HH is the most common autosomal recessive genetic condition; it is also the most commonly inherited liver disease among Caucasians (particularly in those of northern European descent). Overall prevalence is usually reported as 1 in 250 individuals, with the highest prevalence in Northern European countries. Prevalence of HH in Asian and African countries is low, though large studies of non-HFE HH (i.e., HH that is not a result of a variant in the HFE gene) are lacking. The vast majority of Caucasians who are affected have the most common HH-causing genetic variant, which is associated with HH type 1 (HFE gene). All forms of HH other than type 1 are thought to be very rare (at least clinically), with each type’s prevalence estimated at fewer than 1 individual in 100,000.

Candidates for HH testing include those with:

  • an abnormal blood ferritin and/or transferrin saturation level
  • symptoms of liver disease
  • symptoms of iron overload in other organs such as the heart, pancreas, or skin
  • a family history of HH

  1. Adams, PC, Barton, JC. Haemochromatosis. Lancet. 2007; 370(9602):1855-60. doi: 10.1016/S0140-6736(07)61782-6. PMID: 18061062
  2. Adams, PC. Epidemiology and diagnostic testing for hemochromatosis and iron overload. Int J Lab Hematol. 2015; 37 Suppl 1:25-30. doi: 10.1111/ijlh.12347. PMID: 25976957
  3. Allen, KJ, et al. Iron-overload-related disease in HFE hereditary hemochromatosis. N. Engl. J. Med. 2008; 358(3):221-30. doi: 10.1056/NEJMoa073286. PMID: 18199861
  4. Camaschella, C, et al. Genetic haemochromatosis: genes and mutations associated with iron loading. Best Pract Res Clin Haematol. 2002; 15(2):261-76. doi: 10.1016/s1521-6926(02)90207-0. PMID: 12401307
  5. Ekanayake, D, et al. Recent advances in hemochromatosis: a 2015 update : a summary of proceedings of the 2014 conference held under the auspices of Hemochromatosis Australia. Hepatol Int. 2015; 9(2):174-82. doi: 10.1007/s12072-015-9608-2. PMID: 25788196
  6. Gehrke, SG, et al. HJV gene mutations in European patients with juvenile hemochromatosis. Clin. Genet. 2005; 67(5):425-8. doi: 10.1111/j.1399-0004.2005.00413.x. PMID: 15811010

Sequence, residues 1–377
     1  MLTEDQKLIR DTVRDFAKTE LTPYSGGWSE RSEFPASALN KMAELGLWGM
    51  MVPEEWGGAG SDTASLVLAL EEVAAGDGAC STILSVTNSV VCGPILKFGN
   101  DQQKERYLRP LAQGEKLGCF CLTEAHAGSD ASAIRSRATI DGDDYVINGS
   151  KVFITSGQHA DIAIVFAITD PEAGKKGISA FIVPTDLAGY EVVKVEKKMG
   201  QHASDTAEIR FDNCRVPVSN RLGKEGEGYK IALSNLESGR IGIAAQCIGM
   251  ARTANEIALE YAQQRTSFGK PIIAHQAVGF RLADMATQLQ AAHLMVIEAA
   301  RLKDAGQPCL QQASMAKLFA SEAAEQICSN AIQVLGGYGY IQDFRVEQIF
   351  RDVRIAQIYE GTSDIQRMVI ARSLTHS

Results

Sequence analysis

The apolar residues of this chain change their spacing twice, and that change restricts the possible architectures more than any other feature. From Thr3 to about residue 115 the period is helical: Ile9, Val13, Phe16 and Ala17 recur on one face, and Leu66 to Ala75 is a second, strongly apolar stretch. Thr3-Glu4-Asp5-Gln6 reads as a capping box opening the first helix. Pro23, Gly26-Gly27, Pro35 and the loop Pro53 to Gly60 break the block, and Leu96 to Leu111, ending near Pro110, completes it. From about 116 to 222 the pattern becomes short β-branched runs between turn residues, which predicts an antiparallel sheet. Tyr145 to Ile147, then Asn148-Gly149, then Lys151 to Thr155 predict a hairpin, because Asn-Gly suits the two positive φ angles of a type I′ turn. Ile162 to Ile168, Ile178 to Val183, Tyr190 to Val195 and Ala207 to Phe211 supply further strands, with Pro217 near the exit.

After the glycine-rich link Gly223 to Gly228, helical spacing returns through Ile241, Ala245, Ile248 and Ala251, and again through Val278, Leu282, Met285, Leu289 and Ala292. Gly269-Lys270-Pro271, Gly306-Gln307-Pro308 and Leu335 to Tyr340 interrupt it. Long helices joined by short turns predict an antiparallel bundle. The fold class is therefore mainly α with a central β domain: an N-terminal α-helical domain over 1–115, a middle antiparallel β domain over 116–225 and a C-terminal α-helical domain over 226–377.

7. Lange, U, et al. [Molecular genetic analysis and clinical aspects of patients with hereditary hemochromatosis]. Orthopade. 2014; 43(8):772-9. doi: 10.1007/s00132-014-2318-y. PMID: 24906241
  8. McDonald, CJ, et al. Iron storage disease in Asia-Pacific populations: the importance of non-HFE mutations. J. Gastroenterol. Hepatol. 2013; 28(7):1087-94. doi: 10.1111/jgh.12222. PMID: 23577916
  9. Merryweather-Clarke, AT, et al. Digenic inheritance of mutations in HAMP and HFE results in different types of haemochromatosis. Hum. Mol. Genet. 2003; 12(17):2241-7. doi: 10.1093/hmg/ddg225. PMID: 12915468
  10. Papanikolaou, G, et al. Mutations in HFE2 cause iron overload in chromosome 1q-linked juvenile hemochromatosis. Nat. Genet. 2004; 36(1):77-82. doi: 10.1038/ng1274. PMID: 14647275
  11. Pietrangelo, A. Non-HFE hemochromatosis. Semin. Liver Dis. 2005; 25(4):450-60. doi: 10.1055/s-2005-923316. PMID: 16315138
  12. Santos, PC, et al. Non-HFE hemochromatosis. Rev Bras Hematol Hemoter. 2012; 34(4):311-6. doi: 10.5581/1516-8484.20120079. PMID: 23049448
  13. Wallace, DF, Subramaniam, VN. Non-HFE haemochromatosis. World J. Gastroenterol. 2007; 13(35):4690-8. PMID: 17729390
  14. Whitlock, EP, et al. Screening for hereditary hemochromatosis: a systematic review for the U.S. Preventive Services Task Force. Ann. Intern. Med. 2006; 145(3):209-23. doi: 10.7326/0003-4819-145-3-200608010-00009. PMID: 16880463

Assay and technical information

Invitae is a College of American Pathologists (CAP)-accredited and Clinical Laboratory Improvement Amendments (CLIA)-certified clinical diagnostic laboratory performing full-gene sequencing and deletion/duplication analysis using next-generation sequencing technology (NGS).

Our sequence analysis covers clinically important regions of each gene, including coding exons, +/- 10 base pairs of adjacent intronic sequence, and select noncoding variants. Our assay provides a Q30 quality-adjusted mean coverage depth of 350x (50x minimum, or supplemented with additional analysis). Variants classified as pathogenic or likely pathogenic are confirmed with orthogonal methods, except individual variants that have high quality scores and previously validated in at least ten unrelated samples.

Our analysis detects most intragenic deletions and duplications at single exon resolution. However, in rare situations, single-exon copy number events may not be analyzed due to inherent sequence properties or isolated reduction in data quality. If you are requesting the detection of a specific single-exon copy number variation, please contact Client Services before placing your order.

Gene Transcript reference Sequencing analysis Deletion/Duplication analysis
HAMP NM_021175.2
HFE NM_000410.3
HFE2 NM_213653.3
SLC40A1 NM_014585.5
TFR2 NM_003227.3